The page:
The immediate context for the ‘Archives in Crisis’ symposium is the present government’s proposal to merge the National Archives of Ireland into the National Library. But this proposed merger is, in fact, merely a symptom of a wilful neglect of archives that has deep roots in Irish political culture. Read more

When history on Wikipedia leaves you snookered

23 February 2010

By Kevin O’Sullivan

For those of you wracking your brains for a quick answer to some vital issue this Tuesday morning, here’s a friendly reminder that Wikipedia, while a useful way of pooling knowledge, getting a potted history of the latest cretin to get their big break through reality tv, or of putting yourself in the frame on some obscure issue, is a coloured research tool. My cue for saying so? Read on….

Talking about history

8 October 2009

By Kevin O’Sullivan

Miriam O'CallaghanIn spite of all of my best intentions in compiling this week’s guide to history on television and radio (it was my turn, sorry), I managed to miss the appearance of Diarmaid Ferriter, Professor of Irish History at UCD, and Catriona Crowe, Head of Special Projects at the National Archives, on the Miriam O’Callaghan meets… programme on RTÉ Radio 1 on Sunday morning (4 October). The two spoke about their friendship, their careers, what history means to them and what it gives to the wider community and ended with a rather interesting musical choice: Ding Dong Denny O’Reilly’s alternative history of the Famine, ‘The potatoes aren’t looking the best’. If you didn’t catch it, you can listen below, or head over to iTunes to download the programme on podcast.

Part I:

Part II:

Book Rally

11 September 2009

Lost Revolution 2

By Kevin O’Sullivan

Last night as I left the launch of Brian Hanley and Scott Millar’s The Lost Revolution: The Story of the Official IRA and the Workers’ Party at the Teachers’ Club on Parnell Square in Dublin, making my way past the queue of autograph hunters and photographers, I caught the eye of an academic colleague near the door. ‘There’s a smell of revolution in that room’, she said. The speeches had ended, the free bar had run its course (no, that’s not why I left), and South Dublin Union was gearing up to provide the heart-rousing tunes. ‘A typical academic book launch’, another colleague remarked, tongue firmly in cheek, as he pointed to the backs of former party activists and ‘lost’ revolutionaries. ‘You see that bald man in the blue jumper in the second row? He was…’

I recognised a handful of faces, half-remembered the names of others. The rest passed me by, but they all knew each other. ‘I can see a number of left wing groups represented here’, Millar told the audience, ‘my family, my friends…’ Tomás Mac Giolla was plagued for photos and autographs beside the door, Mick Ryan’s face was hidden somewhere in the crowd, and Roy Johnston sat in the front row. In his opening remarks, Diarmaid Ferriter described the atmosphere in the packed hall as something akin to an election rally. Read More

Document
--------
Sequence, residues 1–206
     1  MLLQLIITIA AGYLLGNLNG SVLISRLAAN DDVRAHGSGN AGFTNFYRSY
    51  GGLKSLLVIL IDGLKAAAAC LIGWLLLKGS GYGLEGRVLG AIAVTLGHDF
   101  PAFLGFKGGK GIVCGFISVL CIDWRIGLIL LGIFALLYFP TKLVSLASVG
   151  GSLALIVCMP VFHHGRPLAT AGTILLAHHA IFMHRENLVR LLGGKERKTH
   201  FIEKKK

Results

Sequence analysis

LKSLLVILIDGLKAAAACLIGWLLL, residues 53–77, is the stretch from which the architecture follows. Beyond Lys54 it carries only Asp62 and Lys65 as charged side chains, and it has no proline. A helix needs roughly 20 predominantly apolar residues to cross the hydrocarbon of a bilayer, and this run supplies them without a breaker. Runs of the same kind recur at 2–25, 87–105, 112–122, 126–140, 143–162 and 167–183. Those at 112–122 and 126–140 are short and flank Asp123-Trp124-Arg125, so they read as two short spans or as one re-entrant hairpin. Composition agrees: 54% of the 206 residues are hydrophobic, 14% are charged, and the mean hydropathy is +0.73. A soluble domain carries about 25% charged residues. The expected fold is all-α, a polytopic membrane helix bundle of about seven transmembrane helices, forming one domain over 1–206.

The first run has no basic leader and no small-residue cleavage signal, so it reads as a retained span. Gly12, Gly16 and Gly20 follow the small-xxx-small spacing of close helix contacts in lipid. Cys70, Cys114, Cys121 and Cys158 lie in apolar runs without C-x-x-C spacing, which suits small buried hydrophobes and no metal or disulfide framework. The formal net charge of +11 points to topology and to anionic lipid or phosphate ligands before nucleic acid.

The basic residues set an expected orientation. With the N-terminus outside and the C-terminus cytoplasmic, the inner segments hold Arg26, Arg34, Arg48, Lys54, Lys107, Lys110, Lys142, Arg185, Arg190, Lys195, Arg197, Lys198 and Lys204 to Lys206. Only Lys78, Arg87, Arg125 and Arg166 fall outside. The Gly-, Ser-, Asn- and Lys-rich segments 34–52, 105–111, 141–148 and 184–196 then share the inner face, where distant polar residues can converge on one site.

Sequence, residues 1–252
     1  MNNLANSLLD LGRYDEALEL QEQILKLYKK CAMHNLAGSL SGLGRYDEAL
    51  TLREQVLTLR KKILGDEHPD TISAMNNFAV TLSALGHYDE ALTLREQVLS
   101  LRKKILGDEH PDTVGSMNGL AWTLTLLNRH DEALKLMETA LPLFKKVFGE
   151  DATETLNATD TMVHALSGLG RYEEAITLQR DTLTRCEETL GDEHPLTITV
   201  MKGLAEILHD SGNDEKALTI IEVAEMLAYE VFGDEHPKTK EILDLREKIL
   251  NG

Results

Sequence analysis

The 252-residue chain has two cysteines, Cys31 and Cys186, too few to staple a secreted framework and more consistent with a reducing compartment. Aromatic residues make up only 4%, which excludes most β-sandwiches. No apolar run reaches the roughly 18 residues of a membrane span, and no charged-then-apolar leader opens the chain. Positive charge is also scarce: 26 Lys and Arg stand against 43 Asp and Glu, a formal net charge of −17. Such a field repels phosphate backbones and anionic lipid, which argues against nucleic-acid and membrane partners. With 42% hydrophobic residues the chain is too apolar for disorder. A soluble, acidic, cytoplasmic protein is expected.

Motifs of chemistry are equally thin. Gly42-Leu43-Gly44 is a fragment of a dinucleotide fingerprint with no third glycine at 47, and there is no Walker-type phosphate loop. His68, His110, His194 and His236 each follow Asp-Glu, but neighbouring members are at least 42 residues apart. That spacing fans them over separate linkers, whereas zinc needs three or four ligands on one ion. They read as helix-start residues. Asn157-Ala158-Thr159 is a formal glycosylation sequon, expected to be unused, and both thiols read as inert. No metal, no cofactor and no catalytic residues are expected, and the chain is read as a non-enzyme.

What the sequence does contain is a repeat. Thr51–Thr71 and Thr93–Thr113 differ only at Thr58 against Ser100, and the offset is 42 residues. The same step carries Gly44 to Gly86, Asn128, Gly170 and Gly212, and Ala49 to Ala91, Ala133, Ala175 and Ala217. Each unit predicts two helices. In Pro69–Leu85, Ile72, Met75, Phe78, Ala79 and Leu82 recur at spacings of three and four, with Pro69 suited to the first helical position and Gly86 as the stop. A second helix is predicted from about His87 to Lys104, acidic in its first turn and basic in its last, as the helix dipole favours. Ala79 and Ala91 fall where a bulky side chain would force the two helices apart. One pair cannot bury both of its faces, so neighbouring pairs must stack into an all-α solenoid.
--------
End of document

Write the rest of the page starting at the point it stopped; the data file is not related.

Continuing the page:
Pull up a pew at the picnic for the history session: Diarmaid Ferriter at the Electric Picnic

8 September 2009

By Lisa-Marie Griffith

CIMG0916I have to admit I was a little surprised to see Diarmaid Ferriter listed as one of the speakers at the Literary Tent at the Electric Picnic  festival this weekend.  Ferriter, there to promote his new book, Occasions of Sin: Sex and Society in Modern Irelandspoke alongside a weekend line-up that included Roddy Doyle, John Banville and Florence (of Florence and the Machine). My curiosity got the better of me and so I took some time out from the music to go along.

I posted a blog about the historian Simon Schama speaking with world renowned literary giants at the Dublin Writers Festival so why was I surprised? Well it’s a music festival- a place where people convene to see bands and engage in more popular pursuits like music. There is something about the Irish literary figures, stereotypically drunk, broke (or both) and with destructive personalities, that seems to fit with the idea of a rock stars and their lifestyle so I suppose I have always seen the addition of such a popular subject area as literature to a Music and Arts festival like Electric Picnic as natural. But does a historian really belong at a boutique arts and music festival like ‘The Picnic’?

Pue’s has in a number of posts raised the issue in one guise or another: ‘how popular is it acceptable for a historian and history to be while remaining academically true?’ Read more